Woohoo! I really couldn't take another few months of gasoline deflation. It was horrible while it lasted. I much prefer budget busting gas prices and record breaking oil company profits. Especially against a backdrop of declining house prices.

All joking aside, in its efforts to ward of deflation, the Fed is creating a perfect storm for the American middle class. Falling home prices, high unemployment, stagnant wages and a soaring cpi-ex rent.

Think about it. In order to take advantage of the price drops in rents, many homeowers must recognize huge losses on their housing "investments".

Oh well, at least we saved Wall St.

Here's a thought. If Bernanke had not saved Wall St., he would have been fired. It's a good thing we have an "independent" Fed.

G.H. said...

"Pimco, Greenspan, Krugman, Bernanke, Goldman Sachs, scores of bloggers, etc. all recognized the housing bubble."

Add the FBI to that list, from 2004:

Stagflationary Mark said...

Remy & mab,

I'm not quite as convinced that Bernanke did see the housing bubble. I think there's at least a chance that he was blindsided by looking at "average" data (in the Flow of Funds) without factoring in the rising income inequality.

I'm not saying that it is the case, but it would certainly help to explain how he was caught by surprise by the "implosion".

If true, then he will be similarly surprised again someday.

Stagflationary Mark said...


"Woohoo! I really couldn't take another few months of gasoline deflation. It was horrible while it lasted. I much prefer budget busting gas prices and record breaking oil company profits. Especially against a backdrop of declining house prices."

Hahaha! Sarcasm is always "appreciating" here. :)

I was hoping that gasoline prices would come down to meet natural gas prices (as seen in a recent post comparing the two here), but unfortunately that does not seem to be the case.

Natural Gas Spot Prices Rise With Increases Over 10 Percent

"Frigid temperatures throughout most of the lower 48 States and rising crude oil prices appear to have contributed to rising natural gas prices."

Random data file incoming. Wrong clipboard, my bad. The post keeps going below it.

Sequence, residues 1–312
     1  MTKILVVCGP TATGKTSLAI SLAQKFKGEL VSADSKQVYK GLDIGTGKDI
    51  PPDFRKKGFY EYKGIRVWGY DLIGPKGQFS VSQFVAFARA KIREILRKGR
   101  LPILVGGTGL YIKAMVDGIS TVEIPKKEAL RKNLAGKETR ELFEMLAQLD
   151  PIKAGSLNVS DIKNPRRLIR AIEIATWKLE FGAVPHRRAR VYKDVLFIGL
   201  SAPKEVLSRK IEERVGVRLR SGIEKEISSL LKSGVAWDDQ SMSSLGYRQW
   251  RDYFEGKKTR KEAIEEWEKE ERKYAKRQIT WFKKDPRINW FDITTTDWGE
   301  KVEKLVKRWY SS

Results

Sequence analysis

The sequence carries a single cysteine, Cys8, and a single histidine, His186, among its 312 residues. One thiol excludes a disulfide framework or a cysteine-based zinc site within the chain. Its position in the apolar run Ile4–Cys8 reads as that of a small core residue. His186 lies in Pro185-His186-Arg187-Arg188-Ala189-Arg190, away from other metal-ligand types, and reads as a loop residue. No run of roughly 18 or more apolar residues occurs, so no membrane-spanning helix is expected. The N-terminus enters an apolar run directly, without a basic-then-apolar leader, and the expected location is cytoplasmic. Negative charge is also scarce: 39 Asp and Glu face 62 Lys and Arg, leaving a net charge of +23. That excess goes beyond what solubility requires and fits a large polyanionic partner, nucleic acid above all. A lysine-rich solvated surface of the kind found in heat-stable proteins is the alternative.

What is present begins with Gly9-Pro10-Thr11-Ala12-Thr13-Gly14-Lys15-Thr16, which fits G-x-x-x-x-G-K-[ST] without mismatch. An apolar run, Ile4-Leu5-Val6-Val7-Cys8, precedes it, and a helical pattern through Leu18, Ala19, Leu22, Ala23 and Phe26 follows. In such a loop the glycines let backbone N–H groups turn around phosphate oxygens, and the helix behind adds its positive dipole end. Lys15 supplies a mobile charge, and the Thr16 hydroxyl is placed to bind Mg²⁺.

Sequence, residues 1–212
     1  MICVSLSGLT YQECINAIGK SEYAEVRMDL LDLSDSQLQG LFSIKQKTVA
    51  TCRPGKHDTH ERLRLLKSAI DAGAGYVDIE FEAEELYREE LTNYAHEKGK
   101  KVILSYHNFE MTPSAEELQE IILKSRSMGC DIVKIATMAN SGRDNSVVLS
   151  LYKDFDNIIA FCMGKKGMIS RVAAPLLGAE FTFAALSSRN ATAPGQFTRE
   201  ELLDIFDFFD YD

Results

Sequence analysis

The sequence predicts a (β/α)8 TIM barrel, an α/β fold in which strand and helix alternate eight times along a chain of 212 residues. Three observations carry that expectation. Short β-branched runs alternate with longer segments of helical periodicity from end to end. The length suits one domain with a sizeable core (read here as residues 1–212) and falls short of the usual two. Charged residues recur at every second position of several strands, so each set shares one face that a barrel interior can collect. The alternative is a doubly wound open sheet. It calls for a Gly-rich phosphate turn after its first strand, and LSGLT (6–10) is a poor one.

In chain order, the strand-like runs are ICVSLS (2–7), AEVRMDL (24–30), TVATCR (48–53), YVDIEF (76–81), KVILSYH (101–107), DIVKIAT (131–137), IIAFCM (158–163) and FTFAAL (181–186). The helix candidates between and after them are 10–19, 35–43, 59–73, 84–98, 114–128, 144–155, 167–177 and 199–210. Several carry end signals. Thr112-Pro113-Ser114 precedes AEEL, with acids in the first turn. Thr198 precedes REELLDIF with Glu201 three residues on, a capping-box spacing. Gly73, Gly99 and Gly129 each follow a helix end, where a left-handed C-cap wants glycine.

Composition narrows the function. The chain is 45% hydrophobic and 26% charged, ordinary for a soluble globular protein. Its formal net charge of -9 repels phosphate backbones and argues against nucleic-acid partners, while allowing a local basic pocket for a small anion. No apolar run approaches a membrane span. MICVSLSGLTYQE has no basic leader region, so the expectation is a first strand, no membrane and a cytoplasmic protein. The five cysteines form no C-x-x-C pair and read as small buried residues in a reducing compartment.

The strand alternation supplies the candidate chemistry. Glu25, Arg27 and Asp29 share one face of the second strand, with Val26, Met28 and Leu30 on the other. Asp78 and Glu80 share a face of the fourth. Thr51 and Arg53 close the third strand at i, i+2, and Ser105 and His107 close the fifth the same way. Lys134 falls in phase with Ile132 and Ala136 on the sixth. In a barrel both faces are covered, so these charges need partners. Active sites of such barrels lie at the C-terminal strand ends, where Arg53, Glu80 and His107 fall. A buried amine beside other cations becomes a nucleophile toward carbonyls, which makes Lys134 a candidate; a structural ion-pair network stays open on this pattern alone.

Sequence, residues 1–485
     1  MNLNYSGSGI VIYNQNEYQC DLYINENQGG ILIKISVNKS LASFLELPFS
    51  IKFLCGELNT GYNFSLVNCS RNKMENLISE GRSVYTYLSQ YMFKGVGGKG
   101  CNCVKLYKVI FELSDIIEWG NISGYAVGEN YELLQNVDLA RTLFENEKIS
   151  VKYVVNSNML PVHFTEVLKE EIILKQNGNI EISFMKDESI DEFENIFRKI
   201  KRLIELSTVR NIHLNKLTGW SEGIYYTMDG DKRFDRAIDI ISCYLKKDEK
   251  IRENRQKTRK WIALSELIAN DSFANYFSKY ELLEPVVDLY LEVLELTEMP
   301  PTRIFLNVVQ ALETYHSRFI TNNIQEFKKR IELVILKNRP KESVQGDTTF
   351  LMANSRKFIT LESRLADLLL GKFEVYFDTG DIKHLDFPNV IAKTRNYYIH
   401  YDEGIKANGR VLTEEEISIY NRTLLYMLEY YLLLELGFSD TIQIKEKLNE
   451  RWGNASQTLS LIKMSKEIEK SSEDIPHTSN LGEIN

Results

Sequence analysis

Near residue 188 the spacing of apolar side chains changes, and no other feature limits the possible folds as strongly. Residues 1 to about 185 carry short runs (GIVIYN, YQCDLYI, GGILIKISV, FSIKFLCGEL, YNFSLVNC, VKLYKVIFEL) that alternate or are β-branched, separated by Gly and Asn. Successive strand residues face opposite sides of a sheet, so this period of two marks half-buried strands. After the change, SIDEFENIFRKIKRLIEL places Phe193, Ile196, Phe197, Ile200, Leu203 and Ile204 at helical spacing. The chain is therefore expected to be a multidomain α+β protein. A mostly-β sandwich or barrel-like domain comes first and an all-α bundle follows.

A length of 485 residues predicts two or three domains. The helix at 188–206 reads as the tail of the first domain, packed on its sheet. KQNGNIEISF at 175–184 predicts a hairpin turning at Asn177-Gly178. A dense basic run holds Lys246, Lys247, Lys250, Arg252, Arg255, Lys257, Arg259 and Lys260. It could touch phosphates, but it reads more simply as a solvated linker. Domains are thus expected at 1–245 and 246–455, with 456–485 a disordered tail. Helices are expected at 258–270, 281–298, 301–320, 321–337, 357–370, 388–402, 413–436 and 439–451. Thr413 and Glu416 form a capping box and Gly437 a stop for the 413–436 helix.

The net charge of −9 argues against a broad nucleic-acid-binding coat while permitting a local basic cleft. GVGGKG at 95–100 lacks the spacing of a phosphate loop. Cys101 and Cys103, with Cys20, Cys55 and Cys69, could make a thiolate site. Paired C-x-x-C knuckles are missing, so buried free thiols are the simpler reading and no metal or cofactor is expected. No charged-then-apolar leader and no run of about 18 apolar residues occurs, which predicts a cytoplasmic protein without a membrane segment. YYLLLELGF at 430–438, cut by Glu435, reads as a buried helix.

Bernanke must be loving it. Hell is freezing over and it is leading to snowball temperature inflation.

Stagflationary Mark said...


Nice find. I managed to turn bearish two weeks before the FBI did. Woohoo!

It was those mortgage offers in the mail that did me in. They all looked like some sort of payday loan scam, especially when reading the fine print.

My favorite fine print example was the negative amortization loan that had payments go up a MINIMUM of 7.5% each year for the next 5 years.

Guess what? It's 5 years later!

Stagflationary Mark said...

For those interested...

The 10 Year TIPS auction was announced today. It will take place on the 11th. I'm buying a bit just like I do every year. It's going to be yet another lousy rate though.

It might be just in time for another oil inspired deflationary event too. WooFrickinHoo.

Stagflationary Mark said...

One more thought.

I think one reason I'm posting less these days is that I simply have less to say.

Picture this as a roller coaster ride. We're currently working our way up to the top at a relatively slow speed. This would be a good time to chat about the weather and what not.

The "fun" doesn't happen until we reach the peak again and are utterly surprised by the next ride down.

I'll be plenty chatty then. There will be lots of screaming and hand waving, lol.

Just one request. If you are sitting ahead of me once the "fun" starts again, please don't vomit. I know you'll be tempted, especially when we see Congress attempting to repair the track in front of us using nothing more than a roll of duct tape and a used piece of chewing gum. Sigh.

EconomicDisconnect said...

I have the same feelings. I am a bit tired of writing the same stuff every night (though of course I wrote a long piece tonight!). We are waiting for the inflection point, the point of recognition. Until then most is just retreads of the same stuff. We can always talk football, women, music, health issues, or Halo 4 development to pass the time!

Anything mab has to say is always great too!

Stagflationary Mark said...


I think that "point of recognition" will be first seen in China.

Could be wrong though!